I can hardly believe that it's been 6 weeks since the first clue was revealed on Bonnie Hunter's Mystery Quilt, Grand Illusion.
OK, so it does seem that I've spent quite a few days at the cutting table (aka the living room desk).
And I did get 3 full hours of piecing triangles one morning during the Christmas Break...
But the final clue has already been revealed? Wow...I have only completed clue 3 so far!
Wait, I'm finished TWO clues! Just now as I look at this picture, I can see the four-patch units in the centre. Those were for Clue 5 - I really hope there are 25 of those yellow/orange ones cause I don't have any more orange....
The 4x2 checkerboard units in black/white/green are clue 3. Those were easy to sew in strip sets, but seemed to take forever to cut into these subsections because I was trying to have 8 unique fabrics in each checkerboard. And I didn't want 2 checkerboards to be identical either. So I kept moving fabric around until I mostly satisfied my inner control-freak that kept saying "I want a scrappy quilt!"
Will anyone really notice it I used the same fabrics more than once in a checkerboard? not likely, and if they do....well, they may find themselves removed from my short list of quilt recipients :)
This photo shows all the subunits that make up clues 1,2, and 4. I'm not entirely sure that I have enough pieces cut yet, but I think I'm close...
I'm very pleased that my half-square triangles actually came out quite square. I haven't bothered to trim any of them cause I think they're great as they are. Just look at the bottom right corner to see the brown/yellow triangles with the black square - the yellow meets the black almost exactly 1/4 inch from the edge. OK, so I didn't measure it, but it looks close!
Same for the orange square with the brown/yellow triangles. I'd bet $5 that point will be at 1/4 inch.
That makes me so proud! I've been quilting seriously for about 2 years, and like everyone, my first quilts were constructed with care, but I'd lose the points of triangles when I sewed subunits into blocks. Even last year's mystery, Celtic Solstice, has LOTS of blunted points and not sew straight long seams. I don't think I've got this down perfectly yet - just look at the pair on the top left - but I'm progressing in the right direction!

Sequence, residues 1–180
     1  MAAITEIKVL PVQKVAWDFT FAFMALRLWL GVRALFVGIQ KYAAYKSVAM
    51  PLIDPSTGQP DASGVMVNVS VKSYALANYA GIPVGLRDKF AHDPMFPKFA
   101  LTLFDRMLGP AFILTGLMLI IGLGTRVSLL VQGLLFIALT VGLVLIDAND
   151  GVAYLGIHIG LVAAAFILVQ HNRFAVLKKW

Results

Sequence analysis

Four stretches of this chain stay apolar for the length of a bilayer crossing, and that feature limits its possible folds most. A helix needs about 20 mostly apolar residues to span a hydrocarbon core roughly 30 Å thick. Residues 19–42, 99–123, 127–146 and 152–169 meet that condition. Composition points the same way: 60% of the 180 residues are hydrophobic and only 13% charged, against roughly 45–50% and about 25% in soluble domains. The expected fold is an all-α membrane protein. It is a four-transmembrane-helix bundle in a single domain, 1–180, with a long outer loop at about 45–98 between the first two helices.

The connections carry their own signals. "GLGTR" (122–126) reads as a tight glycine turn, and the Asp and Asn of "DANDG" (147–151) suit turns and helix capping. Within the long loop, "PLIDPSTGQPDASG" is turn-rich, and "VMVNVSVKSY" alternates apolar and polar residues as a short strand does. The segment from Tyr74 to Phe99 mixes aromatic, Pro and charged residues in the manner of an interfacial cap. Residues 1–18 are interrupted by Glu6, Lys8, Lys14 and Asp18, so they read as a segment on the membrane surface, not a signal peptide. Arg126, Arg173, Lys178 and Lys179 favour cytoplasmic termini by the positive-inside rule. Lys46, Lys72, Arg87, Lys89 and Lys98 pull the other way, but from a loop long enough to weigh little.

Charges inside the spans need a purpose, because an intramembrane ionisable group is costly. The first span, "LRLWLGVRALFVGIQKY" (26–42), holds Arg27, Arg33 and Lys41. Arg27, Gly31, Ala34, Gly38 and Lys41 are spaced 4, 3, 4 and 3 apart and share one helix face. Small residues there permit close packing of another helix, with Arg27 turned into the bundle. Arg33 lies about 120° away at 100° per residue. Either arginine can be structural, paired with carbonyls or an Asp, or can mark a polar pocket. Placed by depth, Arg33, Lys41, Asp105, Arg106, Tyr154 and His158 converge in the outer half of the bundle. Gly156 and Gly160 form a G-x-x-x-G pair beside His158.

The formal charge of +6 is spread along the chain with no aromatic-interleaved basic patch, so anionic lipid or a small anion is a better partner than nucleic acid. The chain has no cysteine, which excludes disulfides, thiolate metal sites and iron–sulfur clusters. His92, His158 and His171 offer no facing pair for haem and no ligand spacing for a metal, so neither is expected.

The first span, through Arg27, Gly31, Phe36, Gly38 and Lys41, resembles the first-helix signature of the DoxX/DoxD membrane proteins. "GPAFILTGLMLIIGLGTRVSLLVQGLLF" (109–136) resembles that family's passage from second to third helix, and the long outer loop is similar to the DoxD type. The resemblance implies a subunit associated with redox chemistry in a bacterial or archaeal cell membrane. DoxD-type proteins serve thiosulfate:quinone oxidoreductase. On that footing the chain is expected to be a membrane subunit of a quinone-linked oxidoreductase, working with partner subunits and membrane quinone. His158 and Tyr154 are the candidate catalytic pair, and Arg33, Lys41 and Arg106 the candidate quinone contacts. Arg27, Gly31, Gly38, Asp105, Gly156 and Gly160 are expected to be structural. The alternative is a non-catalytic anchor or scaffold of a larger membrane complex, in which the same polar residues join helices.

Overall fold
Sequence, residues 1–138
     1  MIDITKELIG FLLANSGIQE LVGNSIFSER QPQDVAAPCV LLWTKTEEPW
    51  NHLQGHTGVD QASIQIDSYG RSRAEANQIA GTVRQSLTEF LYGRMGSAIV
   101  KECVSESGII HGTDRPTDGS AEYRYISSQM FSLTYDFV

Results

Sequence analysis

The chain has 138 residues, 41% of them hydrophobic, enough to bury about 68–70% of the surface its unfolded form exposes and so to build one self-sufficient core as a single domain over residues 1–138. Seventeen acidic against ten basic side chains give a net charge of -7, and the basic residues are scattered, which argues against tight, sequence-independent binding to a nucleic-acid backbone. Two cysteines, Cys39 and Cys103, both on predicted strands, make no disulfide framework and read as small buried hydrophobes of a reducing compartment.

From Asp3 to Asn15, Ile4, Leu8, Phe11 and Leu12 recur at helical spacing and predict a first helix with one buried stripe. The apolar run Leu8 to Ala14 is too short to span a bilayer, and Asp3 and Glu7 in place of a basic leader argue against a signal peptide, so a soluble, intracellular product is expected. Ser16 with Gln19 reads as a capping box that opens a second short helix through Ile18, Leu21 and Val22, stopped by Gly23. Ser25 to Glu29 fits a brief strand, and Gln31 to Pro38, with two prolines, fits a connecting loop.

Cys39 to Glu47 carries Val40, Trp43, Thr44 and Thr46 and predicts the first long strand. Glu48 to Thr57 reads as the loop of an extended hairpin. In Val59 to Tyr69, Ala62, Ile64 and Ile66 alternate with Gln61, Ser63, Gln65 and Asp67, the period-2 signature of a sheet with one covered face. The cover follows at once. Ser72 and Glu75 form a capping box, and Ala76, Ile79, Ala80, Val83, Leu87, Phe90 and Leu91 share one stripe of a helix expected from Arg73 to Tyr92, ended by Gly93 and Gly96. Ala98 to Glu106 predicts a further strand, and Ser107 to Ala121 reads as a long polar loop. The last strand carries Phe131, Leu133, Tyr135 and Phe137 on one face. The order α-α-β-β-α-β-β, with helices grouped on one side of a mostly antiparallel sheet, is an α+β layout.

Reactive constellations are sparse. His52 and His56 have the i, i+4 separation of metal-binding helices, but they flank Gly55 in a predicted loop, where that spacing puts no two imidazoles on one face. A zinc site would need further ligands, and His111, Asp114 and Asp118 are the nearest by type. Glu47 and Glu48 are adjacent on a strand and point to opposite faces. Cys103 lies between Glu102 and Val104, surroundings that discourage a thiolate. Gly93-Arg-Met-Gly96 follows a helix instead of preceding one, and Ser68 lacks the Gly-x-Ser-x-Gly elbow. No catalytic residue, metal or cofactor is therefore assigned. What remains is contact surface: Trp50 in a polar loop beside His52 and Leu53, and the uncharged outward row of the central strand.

I really like the brown/white/black diagonal subunits. I can't wait to see how they look in the block!
I need to iron this pile of clue 4 units. I think this is only half the units, the second half had a different arrangement of triangles. They are still beside the sewing machine, awaiting my earliest convenience...
Unlike when I assembled the checkerboard units, none of the clue 1 or 4 units are being laid out before sewing. I just have two stacks: one of the orange square with HST, the other black with HST. I only shift the top couple of units if the yellow is the same. This makes the assembly process MUCH faster!
I don't pin seams until I'm assembling the subunits into blocks - so I haven't opened the pin box yet for this project. Maybe because my subunits are so well sewn I won't have to pin later either! I'll just perfectly nest each subunit together and sew away - yes, I have a reputation for exaggeration! And confidence.
You can bet my family will make sure my head doesn't get too big!
I'm setting this quilt as my January goal with Shanna (A Fibre of All Sorts) in the A Lovely Year of Finishes linkup. It will be one of my projects for the 2015 Finish Along. Also linking up with Bonnie Hunter at Quiltville with my Grand Illusion progress. Check out what everyone's up to!
Sometimes I need a deadline to keep me motivated to complete a quilt. What better motivation than participating in a bloghop?
While the snow and cold temperatures keep you inside, why not work on projects for this year's fair? The full listing is available to download now!
This month's block used paper piecing technique, one that all three of us were familiar with and happy to assemble!
My favourite customer, Ashley asked me to make a quilt from her daughter's baby clothes. I have previously made her quilts for her sisiter-in-law, her boys and she won a school quilt!
August's quilting technique was English Paper Piecing (EPP), a method I was skeptical to try at first.